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answer appear beautiful believe called cause character Christian Church court death doubt effect England expression eyes fact father feel France French friends give given hand head heard heart honor hope hour interest Italy John kind king lady least leave less letter light lived look Lord Madame matter means ment mind Moore morning mother nature never night once party passed person poet political poor present Prince prison Queen question received remain remarkable respect royal schools seems seen sent soon speak spirit strong success taken thing thought tion took true truth turned whole wish write young
Side 36 - I was born in the year 1632, in the city of York, of a good family, though not of that country, my father being a foreigner of Bremen who settled first at Hull.
Side 364 - I trust hereby to make it manifest with what small willingness I endure to interrupt the pursuit of no less hopes than these, and leave a calm and pleasing solitariness fed with cheerful and confident thoughts, to embark in a troubled sea of noises and hoarse disputes, put from beholding the bright countenance of truth in the quiet and still air of delightful studies...
Side 525 - But where a book is at once both good and rare — where the individual is almost the species, and when that perishes, We know not where is that Promethean torch That can its light relumine, — such a book, for instance, as the Life of the Duke of Newcastle, by his Duchess — no casket is rich enough, no casing sufficiently durable, to honour and keep safe such a jewel.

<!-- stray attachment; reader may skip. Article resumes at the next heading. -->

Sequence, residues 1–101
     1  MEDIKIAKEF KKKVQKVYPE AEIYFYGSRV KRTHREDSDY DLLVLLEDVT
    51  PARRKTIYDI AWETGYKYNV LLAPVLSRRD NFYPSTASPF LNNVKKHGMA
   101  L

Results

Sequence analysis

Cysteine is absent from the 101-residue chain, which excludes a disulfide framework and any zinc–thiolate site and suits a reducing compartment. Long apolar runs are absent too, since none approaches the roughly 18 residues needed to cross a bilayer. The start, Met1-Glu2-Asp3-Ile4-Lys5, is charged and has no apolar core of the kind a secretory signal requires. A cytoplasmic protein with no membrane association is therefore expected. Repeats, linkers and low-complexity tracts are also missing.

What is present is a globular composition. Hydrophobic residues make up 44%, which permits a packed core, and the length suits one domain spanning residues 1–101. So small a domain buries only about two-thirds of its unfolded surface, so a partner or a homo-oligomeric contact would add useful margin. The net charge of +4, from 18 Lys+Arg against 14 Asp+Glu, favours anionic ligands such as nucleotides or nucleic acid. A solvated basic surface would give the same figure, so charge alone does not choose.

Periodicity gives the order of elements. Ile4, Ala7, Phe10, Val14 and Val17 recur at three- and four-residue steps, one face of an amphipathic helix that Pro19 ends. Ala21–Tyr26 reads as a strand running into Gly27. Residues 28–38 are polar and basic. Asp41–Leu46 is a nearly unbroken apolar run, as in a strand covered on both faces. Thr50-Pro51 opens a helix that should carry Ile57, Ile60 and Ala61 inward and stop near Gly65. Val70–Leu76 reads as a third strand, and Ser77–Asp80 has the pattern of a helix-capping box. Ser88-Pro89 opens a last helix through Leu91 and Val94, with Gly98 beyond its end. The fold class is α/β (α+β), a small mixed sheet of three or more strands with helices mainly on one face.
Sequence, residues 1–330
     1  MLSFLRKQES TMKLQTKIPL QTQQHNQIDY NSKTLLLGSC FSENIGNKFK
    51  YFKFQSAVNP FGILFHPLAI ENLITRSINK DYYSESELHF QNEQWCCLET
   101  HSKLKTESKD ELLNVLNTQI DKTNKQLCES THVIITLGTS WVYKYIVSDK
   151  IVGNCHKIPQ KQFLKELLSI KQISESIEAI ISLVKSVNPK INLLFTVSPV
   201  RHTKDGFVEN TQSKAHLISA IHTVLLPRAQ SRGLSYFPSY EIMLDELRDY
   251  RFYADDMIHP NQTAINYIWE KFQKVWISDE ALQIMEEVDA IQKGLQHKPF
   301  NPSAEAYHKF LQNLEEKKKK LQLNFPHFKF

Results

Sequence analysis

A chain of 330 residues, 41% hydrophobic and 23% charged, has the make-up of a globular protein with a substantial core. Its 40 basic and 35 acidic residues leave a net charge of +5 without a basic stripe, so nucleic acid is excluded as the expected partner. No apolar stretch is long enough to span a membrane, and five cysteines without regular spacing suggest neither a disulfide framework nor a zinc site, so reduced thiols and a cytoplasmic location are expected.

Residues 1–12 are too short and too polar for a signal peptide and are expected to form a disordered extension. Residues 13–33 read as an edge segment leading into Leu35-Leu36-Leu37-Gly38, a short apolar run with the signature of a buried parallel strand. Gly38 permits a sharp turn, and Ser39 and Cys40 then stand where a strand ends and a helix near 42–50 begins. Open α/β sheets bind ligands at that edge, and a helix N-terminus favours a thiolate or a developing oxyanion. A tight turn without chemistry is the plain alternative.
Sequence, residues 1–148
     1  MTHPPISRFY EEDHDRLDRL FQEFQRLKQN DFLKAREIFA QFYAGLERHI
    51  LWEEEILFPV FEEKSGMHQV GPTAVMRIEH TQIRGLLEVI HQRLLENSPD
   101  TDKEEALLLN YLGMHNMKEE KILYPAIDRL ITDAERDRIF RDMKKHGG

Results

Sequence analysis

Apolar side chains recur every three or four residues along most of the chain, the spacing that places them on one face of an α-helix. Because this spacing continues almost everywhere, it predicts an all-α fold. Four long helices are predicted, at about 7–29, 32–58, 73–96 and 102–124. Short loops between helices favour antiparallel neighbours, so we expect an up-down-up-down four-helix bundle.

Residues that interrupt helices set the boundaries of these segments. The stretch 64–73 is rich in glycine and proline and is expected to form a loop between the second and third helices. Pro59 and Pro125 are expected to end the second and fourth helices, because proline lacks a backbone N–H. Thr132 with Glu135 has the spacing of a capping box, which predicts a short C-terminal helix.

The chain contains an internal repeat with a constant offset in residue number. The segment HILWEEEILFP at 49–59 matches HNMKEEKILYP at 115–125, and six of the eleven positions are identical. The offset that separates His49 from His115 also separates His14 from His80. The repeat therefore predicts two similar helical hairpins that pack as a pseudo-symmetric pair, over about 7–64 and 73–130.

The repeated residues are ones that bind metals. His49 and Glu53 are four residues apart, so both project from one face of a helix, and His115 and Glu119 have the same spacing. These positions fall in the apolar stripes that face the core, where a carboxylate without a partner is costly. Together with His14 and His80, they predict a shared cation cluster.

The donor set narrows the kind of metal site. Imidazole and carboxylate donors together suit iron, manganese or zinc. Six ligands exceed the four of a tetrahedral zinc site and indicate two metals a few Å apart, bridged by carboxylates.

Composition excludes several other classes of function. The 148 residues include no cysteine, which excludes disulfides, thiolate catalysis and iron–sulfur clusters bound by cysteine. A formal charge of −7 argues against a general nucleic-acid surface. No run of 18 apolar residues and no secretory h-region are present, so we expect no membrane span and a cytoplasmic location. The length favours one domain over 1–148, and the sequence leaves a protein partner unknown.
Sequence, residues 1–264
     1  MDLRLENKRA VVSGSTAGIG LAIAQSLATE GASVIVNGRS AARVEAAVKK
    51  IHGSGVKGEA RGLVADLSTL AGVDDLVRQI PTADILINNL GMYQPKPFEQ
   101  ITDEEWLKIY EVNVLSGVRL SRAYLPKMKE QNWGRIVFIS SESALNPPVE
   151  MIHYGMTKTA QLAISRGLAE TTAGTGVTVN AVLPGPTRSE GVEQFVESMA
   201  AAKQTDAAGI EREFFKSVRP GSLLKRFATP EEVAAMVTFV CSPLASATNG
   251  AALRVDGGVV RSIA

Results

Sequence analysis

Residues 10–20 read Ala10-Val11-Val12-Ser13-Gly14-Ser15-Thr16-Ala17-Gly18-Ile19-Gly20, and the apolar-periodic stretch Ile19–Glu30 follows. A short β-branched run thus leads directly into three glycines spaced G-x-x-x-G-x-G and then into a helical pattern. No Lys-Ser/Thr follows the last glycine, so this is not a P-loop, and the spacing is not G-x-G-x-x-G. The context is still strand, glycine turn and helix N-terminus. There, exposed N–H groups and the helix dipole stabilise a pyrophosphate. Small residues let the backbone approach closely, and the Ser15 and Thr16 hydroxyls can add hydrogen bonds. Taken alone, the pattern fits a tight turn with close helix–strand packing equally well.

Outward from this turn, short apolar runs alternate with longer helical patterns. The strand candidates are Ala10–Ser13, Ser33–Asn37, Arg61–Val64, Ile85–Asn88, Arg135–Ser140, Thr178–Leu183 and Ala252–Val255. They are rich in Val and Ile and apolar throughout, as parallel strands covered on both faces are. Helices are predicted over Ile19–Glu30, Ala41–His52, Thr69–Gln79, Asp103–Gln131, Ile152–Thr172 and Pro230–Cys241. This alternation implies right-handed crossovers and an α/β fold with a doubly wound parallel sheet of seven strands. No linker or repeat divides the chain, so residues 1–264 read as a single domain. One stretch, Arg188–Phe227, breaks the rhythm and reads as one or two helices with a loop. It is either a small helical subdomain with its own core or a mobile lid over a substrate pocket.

Side 310 - Has taken for a swan rogue Southey's gander. John Keats, who was kill'd off by one critique, Just as he really promised something great, If not intelligible, without Greek Contrived to talk about the gods of late Much as they might have been supposed to speak. Poor fellow ! His was an untoward fate ; 'Tis strange the mind, that very fiery particle, Should let itself be snuff'd out by an article.
Side 310 - From its mysterious urn a sacred stream, In whose calm depth the beautiful and pure Alone are mirror'd ; which, though shapes of ill May hover round its surface, glides in light, And takes no shadow from them.
Side 151 - You think I love flattery (says Dr. Johnson), and so I do; but a little too much always disgusts me: that fellow Richardson, on the contrary, could not be contented to sail quietly down the stream of reputation, without longing to taste the froth from every stroke of the oar.
Side 11 - I neither fear nor eshame to say, is the most perfect school of Christ that ever was in the earth, since the days of the apostles. In other places I confess Christ to be truly preached ; but manners and religion so sincerely reformed, I have not yet seen in any other place beside...
Side 205 - Who, too deep for his hearers, still went on refining, And thought of convincing, while they thought of dining...